Then along came Fitch with its rating downgrade. The rating agency has put Malaysia under negative watch (from stable) in July due to slow pace of fiscal reforms and rising government debt. As at end 2012, government debt has risen to 53.3% of GDP, whereas our revenue (mostly from petroleum) remains low at 24.7% of GDP. As expected, the first measure taken by the government was cutting down the oil subsidies. For which I believe, wherein other people blame the government for the sudden reduce in subsidy, was a necessary move in order to reduce fiscal deficit.

Well, a little input on sovereign ratings; it consist risk assessments assigned by the credit rating agencies to the obligations of central government. In other words it is the assessment of the likelihood that a borrower will default on its obligations. The ratings directly affecting fund raising activities, as it determines how expensive the cost of fundings will be. Lower rating assigned would indicate that it is more difficult for companies to raise foreign currency funds and it would be expensive for the country to borrow money from abroad. Plus, lower rating would dampen investment flow into our equity and bond market.

Anyway…the implementation of GST (as announced in 2014 budget in October) and the lowering of subsidies are not enough of measures to address fiscal deficit. The nation needs real structural reforms, say by way of tackling corruption and reducing leakages. Even after announcing the implementation of GST, Fitch still maintain its negative outlook, probably until they’re seeing our track record of budget management.

Fuel hike: Necessary or not?

Just yesterday the govt has announced an increase (actually a reduce in government subsidy) of 20 cent per litre for RON 95 and diesel prices. Roughly means that I have to fork out an extra RM10 whenever I fill up full tank on my Beetle 

Quoting Bloomberg on this news;

“Malaysia raised fuel prices for the first time since 2010, joining neighboring Indonesia in curbing subsidies that have stretched government budgets and threatened investor confidence.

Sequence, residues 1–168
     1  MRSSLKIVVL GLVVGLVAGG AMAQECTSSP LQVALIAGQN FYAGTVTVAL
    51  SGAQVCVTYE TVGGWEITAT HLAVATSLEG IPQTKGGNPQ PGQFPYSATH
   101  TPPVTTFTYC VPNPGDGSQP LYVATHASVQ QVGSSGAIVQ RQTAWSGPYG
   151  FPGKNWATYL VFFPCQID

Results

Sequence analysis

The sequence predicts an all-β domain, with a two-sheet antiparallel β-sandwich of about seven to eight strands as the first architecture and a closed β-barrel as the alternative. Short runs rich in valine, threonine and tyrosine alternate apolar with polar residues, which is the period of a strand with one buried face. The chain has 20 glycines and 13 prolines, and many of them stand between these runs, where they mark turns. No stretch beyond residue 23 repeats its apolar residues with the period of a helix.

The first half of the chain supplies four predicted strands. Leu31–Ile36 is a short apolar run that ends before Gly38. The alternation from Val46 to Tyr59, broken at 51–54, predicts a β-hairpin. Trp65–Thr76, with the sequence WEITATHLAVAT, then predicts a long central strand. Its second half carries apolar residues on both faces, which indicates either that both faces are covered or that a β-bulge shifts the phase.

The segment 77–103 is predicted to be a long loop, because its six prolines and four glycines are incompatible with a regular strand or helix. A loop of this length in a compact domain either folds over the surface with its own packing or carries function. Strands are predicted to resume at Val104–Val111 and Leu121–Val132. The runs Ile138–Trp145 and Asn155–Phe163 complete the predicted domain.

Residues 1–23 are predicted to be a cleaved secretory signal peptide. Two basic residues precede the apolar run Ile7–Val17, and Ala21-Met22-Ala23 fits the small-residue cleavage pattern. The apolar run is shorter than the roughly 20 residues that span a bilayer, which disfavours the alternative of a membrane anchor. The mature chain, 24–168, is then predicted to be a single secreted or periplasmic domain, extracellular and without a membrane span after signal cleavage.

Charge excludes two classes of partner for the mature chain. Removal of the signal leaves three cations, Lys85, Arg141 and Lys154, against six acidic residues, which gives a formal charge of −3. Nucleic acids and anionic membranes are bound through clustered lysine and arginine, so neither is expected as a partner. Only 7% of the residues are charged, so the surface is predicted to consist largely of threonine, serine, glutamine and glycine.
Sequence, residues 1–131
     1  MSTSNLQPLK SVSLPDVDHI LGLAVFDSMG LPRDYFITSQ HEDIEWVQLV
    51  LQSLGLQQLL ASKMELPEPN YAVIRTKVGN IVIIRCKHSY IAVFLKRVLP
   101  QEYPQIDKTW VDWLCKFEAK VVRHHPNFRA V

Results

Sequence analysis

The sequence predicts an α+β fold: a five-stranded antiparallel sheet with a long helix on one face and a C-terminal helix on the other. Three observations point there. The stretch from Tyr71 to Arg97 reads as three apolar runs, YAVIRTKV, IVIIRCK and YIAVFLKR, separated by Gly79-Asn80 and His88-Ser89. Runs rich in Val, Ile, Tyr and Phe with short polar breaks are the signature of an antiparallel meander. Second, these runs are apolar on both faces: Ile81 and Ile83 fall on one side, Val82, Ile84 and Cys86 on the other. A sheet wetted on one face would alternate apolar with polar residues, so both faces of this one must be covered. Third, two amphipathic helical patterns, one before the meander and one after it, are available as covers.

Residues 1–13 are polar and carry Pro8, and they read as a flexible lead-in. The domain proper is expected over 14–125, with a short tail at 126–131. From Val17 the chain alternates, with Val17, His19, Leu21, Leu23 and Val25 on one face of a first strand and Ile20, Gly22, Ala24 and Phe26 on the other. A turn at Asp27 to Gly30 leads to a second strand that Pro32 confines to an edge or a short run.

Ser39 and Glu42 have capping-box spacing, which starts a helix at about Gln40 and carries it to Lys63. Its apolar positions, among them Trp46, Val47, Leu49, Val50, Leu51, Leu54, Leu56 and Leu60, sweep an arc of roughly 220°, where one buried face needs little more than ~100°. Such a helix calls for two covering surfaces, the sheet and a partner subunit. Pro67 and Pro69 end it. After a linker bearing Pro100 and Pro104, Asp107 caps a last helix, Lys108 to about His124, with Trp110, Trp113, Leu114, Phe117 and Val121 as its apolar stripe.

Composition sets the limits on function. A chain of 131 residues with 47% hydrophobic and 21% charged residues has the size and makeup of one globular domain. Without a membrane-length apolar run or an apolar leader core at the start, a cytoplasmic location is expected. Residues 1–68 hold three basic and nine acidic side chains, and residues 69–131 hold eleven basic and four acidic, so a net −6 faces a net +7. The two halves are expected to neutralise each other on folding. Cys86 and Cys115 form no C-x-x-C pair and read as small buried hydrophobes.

The price of the widely used RON 95 grade of gasoline rose 20 sen to 2.10 ringgit ($0.64) a liter after Prime Minister Najib Razak announced the change yesterday in Putrajaya.. Diesel was put up 20 sen to 2 ringgit a liter. The increases will help the government save about 1.1 billion ringgit this year and 3.3 billion ringgit annually in future by reducing state subsidies, he said.”

What I believe to be the factors of the subsidy’s cut back (remember  this is based on what I believe);

Fitch downgraded Malaysian rating outlook to negative.

This was in July. Reasons cited : the country’s rising debt & lack of budgetary reform. Moody’s Investors Service said last month the country has a “narrow” revenue base and “relatively high” government deficits, state subsidy bills and debt.

What could happen next?




I believe that the government is finally having some concerns on the country’s fiscal position. Drastic as it may sound, but this has to be done.

But this is not all the govt does in tackling the deficit issue. There will be some delays in state building projects except for the ongoing construction of MRT projects. In a way this is a good measure taken by the govt (only if it materializes), but it is best to wait for the 2014 budget to fully grasp on what the govt is planning to do.


This is serious, yes. But the people has been ignorant for far too long, it’s beyond measures already. Najib’s administration – a reality check for you. Blanket subsidies (ever since the time of Dr. M) are proven to be fatal. There’s nothing good can be gained from giving handouts to people (politically motivated or not). Cash, fuel, rice, housing, shareholdings and many more are stellar example of how an economy built on aids won’t succeed in a long term.

Financial institutions and research houses have gradually lower their forecasts on year-end FBM KLCI and have increased their inflation forecasts to reflect higher fuel costs & weaker earnings expectations. However, had the govt do nothing over this, believe me we’ll get into deeper trouble. Well for a start ringgit was on a 3-year low hovering about 3.32 per dollar (5th worst performance among 11 most traded Asian currencies). Then today the ringgit climbed 0.4%t to 3.2615 per dollar as of this morning.

Could be a good thing, no?




good feeling

There is a fuzzy feeling when..

LT_2Q 2013







knowing that your team’s hardwork for the past one year is finally over and has paid off (well sorta). We have managed to issue MYR 2.0 billion worth of sukuk (shariah compliant bond) on 29 May 2013. Being a AAA rated + corporate guaranteed sukuk, it was oversubscribed by 9 times by 52 investors. Aaahhhh that damn good feeling. And with that issuance we have finally been able to list the bank in the top 5 spot of Bloomberg’s league table (a definite measure of success and capability in the world of corporate debt).

Now, excuse me while I’m off to take a looonggggg nap 😉